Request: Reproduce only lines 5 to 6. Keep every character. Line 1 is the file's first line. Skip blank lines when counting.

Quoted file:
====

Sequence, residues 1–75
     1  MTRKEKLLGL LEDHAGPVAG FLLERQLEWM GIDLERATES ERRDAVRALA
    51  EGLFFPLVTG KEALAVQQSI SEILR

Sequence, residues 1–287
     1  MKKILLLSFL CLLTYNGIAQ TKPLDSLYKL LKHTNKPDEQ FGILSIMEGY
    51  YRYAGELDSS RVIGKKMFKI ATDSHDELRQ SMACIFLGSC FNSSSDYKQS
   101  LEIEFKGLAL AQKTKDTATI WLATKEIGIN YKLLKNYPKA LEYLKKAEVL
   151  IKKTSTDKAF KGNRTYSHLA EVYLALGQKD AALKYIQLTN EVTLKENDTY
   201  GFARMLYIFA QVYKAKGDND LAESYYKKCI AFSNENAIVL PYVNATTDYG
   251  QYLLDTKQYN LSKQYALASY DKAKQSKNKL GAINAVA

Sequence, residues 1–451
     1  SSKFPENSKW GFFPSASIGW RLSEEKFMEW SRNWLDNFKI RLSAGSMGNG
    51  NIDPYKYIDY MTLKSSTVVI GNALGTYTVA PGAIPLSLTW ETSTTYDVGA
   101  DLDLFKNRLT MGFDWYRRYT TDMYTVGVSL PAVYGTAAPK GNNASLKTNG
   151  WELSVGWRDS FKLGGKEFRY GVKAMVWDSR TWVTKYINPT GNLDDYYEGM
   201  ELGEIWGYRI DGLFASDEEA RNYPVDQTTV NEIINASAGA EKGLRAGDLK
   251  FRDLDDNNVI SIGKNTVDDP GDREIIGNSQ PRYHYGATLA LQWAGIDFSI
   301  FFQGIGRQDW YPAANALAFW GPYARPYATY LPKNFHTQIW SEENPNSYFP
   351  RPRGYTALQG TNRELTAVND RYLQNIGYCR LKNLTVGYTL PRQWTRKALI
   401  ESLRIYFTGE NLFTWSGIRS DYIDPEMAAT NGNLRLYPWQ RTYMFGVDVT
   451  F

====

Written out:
     1  MKKILLLSFL CLLTYNGIAQ TKPLDSLYKL LKHTNKPDEQ FGILSIMEGY
    51  YRYAGELDSS RVIGKKMFKI ATDSHDELRQ SMACIFLGSC FNSSSDYKQS